Okay, THIS is starting to really get to me. Just recently I was more than excited to embark upon a glorious NEW journey with the Uncanny X-Force crew. They had just wrapped the “Apocalypse Solution” arc, which was extremely enjoyable, and “Deathlok Nation”, featuring art chores by Esad Ribic(!!!), was looking like it was geared directly for me(!). Then came the unexpected “Uncanny X-Force” #5.1, and I was all like “HUH?!” As my new adventure had only just begun, where was this Point-One issue coming from, and WHY was it shoehorned into this new story? WHY?!

Rafael Albuequerque’s name on the cover was certainly a surprise. With his series over at DC’s Vertigo imprint doing as splendidly as it currently is, I thought that Marvel’s Distinguished Competition would have locked him into some sort of ‘exclusive’ deal, alas this is not so. DC’s apparent misstep is Marvel’s gain, if not only temporarily, and despite my grumblings about interrupting a brand new story arc for what is essentially a done-in-one (non-)annual, it was a lot of fun to see him render the likes of X-Force, the Reavers, Lady Deathstrike, and if only briefly, Cyclops and Magneto. I can be pissed that this wasn’t issue 4.1, because that would have made more sense, but I can’t knock Albuquerque’s amazing abilities and all that he brings to the table, that’s for sure.

Oh yeah, X-Force versus the Reavers! Right. Okay, so X-Force takes on the Reavers, who have some sort of plan to manipulate the Aboriginal mutant, Gateway, into teleporting them into the heart of Utopia. Once inside its borders the Reavers would be able to begin a bloody coup, one with a goal of extinguishing as many mutant lives as possible. This, of course, X-Force can’t stand for, so they begin with the cutting and the killing, and before you know it we’ve been introduced to the darker side of a character beloved by so many for so long. Oh Betsy, how we barely knew ye, and now you’re all slash-happy and sadistic. That’s hot.

I may not find the Marvel Point-One Initiative to have much of, well, a point. A cleverly disguised ‘Annual’ is still just that, an ‘Annual’. But here Marvel has bucked tradition, and instead of placing no-name new comers on the book they’re giving readers top-tier would-be all-stars; ya gotta love that, bub. No seriously, what better way to get people to accept what COULD be construed a throw-away issue than to beef-up the guest-list? If I had known that this was going to be slipped under-the-radar into the midst of a brand new arc, I probably would have skipped it altogether, based solely on my misguided sense of ‘principle’. That is to say, IF I had decided to skip this book based on my ‘principles’ I only would have UNTIL I saw Remender’s and Albuequerque’s names branded on the cover. Marvel marketing probably KNEW this, and as such, nipped it in the bud before I even had a chance. Kudos, gentlemen (and ladies!), I would have the wool pulled over my eyes for nothing less than, well, Excelsior!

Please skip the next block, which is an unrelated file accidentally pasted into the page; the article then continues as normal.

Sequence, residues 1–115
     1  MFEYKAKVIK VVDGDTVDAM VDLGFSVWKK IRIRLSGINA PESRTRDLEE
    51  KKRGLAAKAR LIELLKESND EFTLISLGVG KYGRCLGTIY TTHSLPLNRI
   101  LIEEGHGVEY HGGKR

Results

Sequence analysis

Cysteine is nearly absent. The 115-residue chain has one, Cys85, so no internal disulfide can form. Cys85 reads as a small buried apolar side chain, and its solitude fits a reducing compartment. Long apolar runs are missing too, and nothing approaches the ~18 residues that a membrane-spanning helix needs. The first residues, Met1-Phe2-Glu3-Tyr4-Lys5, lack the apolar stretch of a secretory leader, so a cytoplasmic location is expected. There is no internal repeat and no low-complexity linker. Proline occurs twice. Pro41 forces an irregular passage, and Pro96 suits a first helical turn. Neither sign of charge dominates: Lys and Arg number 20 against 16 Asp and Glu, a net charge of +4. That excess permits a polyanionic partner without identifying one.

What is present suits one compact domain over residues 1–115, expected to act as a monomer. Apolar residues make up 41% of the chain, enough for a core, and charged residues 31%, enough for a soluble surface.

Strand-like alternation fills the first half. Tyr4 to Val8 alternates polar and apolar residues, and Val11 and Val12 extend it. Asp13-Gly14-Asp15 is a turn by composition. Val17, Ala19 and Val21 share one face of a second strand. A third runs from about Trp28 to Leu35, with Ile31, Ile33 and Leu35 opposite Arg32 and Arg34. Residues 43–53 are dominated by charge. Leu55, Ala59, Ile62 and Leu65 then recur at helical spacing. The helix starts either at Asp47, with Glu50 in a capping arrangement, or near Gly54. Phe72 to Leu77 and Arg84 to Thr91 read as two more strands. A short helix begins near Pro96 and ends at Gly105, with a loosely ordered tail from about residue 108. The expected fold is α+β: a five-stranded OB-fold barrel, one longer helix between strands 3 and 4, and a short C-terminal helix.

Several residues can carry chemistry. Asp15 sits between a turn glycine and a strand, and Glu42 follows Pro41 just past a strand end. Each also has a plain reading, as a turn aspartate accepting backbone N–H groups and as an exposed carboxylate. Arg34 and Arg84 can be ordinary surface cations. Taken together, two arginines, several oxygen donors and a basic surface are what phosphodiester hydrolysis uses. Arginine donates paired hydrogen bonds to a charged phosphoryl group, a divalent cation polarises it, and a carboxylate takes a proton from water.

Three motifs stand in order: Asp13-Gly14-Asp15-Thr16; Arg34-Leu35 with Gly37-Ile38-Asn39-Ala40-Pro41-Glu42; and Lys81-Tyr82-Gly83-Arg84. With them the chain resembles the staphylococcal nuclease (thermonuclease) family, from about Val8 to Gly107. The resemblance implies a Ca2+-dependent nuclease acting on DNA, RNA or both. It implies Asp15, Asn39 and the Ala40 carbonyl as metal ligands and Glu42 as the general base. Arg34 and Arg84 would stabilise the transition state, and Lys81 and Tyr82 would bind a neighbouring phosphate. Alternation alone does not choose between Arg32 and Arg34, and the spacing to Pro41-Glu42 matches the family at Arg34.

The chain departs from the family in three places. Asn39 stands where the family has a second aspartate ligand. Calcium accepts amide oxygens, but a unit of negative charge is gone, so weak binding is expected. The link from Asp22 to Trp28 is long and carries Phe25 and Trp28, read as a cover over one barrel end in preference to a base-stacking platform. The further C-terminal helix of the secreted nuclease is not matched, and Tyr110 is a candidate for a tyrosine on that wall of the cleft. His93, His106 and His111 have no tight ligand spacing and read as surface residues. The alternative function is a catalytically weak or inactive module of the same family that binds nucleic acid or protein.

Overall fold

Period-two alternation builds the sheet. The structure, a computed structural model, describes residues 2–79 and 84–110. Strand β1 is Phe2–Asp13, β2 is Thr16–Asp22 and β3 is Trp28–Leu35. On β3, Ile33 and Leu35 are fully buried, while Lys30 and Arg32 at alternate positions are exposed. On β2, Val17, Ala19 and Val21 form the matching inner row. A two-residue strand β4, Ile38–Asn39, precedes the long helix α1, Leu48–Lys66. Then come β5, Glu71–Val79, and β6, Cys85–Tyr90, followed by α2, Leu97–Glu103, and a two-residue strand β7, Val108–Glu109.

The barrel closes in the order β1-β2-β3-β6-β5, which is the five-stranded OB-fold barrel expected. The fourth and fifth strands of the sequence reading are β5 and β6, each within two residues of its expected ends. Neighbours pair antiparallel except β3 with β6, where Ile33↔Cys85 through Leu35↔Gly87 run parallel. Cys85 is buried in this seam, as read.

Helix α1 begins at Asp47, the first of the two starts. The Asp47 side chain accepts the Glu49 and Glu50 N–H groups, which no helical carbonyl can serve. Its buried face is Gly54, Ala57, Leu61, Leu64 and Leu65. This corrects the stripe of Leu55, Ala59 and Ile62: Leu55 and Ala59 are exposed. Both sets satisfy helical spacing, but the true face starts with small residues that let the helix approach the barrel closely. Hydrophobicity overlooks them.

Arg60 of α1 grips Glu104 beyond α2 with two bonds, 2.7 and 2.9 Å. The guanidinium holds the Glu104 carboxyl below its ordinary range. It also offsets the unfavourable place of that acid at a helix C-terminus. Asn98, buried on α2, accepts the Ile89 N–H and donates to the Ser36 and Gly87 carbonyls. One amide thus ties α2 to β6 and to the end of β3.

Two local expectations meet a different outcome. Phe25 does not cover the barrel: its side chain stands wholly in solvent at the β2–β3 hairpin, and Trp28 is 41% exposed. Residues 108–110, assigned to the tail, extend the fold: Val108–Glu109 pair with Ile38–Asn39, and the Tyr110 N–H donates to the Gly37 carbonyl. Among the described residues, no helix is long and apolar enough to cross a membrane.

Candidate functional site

XOMBI #1
Writer: John Rozum
Artist: Fraser Irving
Reviewer: "Sweet" Dan Sweet
Publisher: DC Comics   Shipped On: 031611
MSRP: $2.99 each (15% OFF during it's 1st Week of release only at Alternate Reality!)
You can't keep a good XOMBI down! The immortal David Kim - kept "alive" by nanotech enhancements - returns to the DC Universe in a new ongoing series! Creator John Rozum and hot BATMAN AND ROBIN artist Frazer Irving team up to deliver the finest in contemporary urban horror - with a Super Hero twist! As an undying, unchanging Xombi, David Kim must watch the world consume itself and burn while humanity grows more distant from each other due to the rise of technology. What would a Xombi do just to feel change again? And where will he ever be able to find a kindred soul?
I dove into this series rather blindly. It’s not something a great many fans like to do, but with DC ‘Holding the line at $2.99!’ I figured that I owed it to the company to give some new books a shot. I mean, one hand washes the other, right? They’ve essentially saved me almost ten bucks by shaving a dollar off each of their titles, so why not pay it forward and give something different a shot? Even if I don’t like it, I’m still up $7, right? Right!

What a splendid divergence from the traditional, the safe, the oft-tread ground of super-heroism. “Xombi” is a bit of a departure from the norm, and by ‘a bit of a departure’ I mean to say that this book is balls to the wall insane in such a delightfully scary way. There’s pseudo-science, religion, MURDER, a good deal of rather mysterious happenings, and MORE MURDER! This is what happens when creators are given a good deal of room to breathe, to CREATE, and all this madness isn’t even shunted off to the “Vertigo” side of the DCU, but rather safely placed under the umbrella of regular continuity. I think I’ve found my new favorite DC series.

“Xombi” is the apparent creation of Dwayne McDuffie from his Milestone Media days. With his unfortunate passing, certainly a loss for the industry as a whole, his creation has been handed to John Rozum, who worked on the character with McDuffie previously. I’m pleased to say that despite my lack of ANY knowledge whatsoever of the previous incarnations of “Xombi”, one can, with relative ease, pick this book up and immerse oneself in an entirely NEW concept (‘New’ as far as I’m concerned!). A concept that involves resurrected scientists, size-shifting nuns, killer snow angels, semi-colon cancer, and a boat-load of other BIG ideas is a beautiful, memorable thing, one we don’t see nearly enough of in this industry lately.

Fraser Irving’s style is one that really brings to life the strange, the weird, the unforgettable. His work with Grant Morrison not withstanding, I think this is exactly the type of book this guy belongs on. His imagination, not to mention his storytelling ability, is exactly the kick in the pants a book like this NEEDS to get off the ground. His pencils are a shot in the arm, bringing to life a world I’d never explored in such a lush and vivid way; I truly doubt that this story would have had the very same impact it did if anyone else was in charge of art chores. I can only HOPE that Irving sticks around beyond the initial arc, or if he departs so quickly that they replace him with an artist of similar ilk. I guess only time will tell…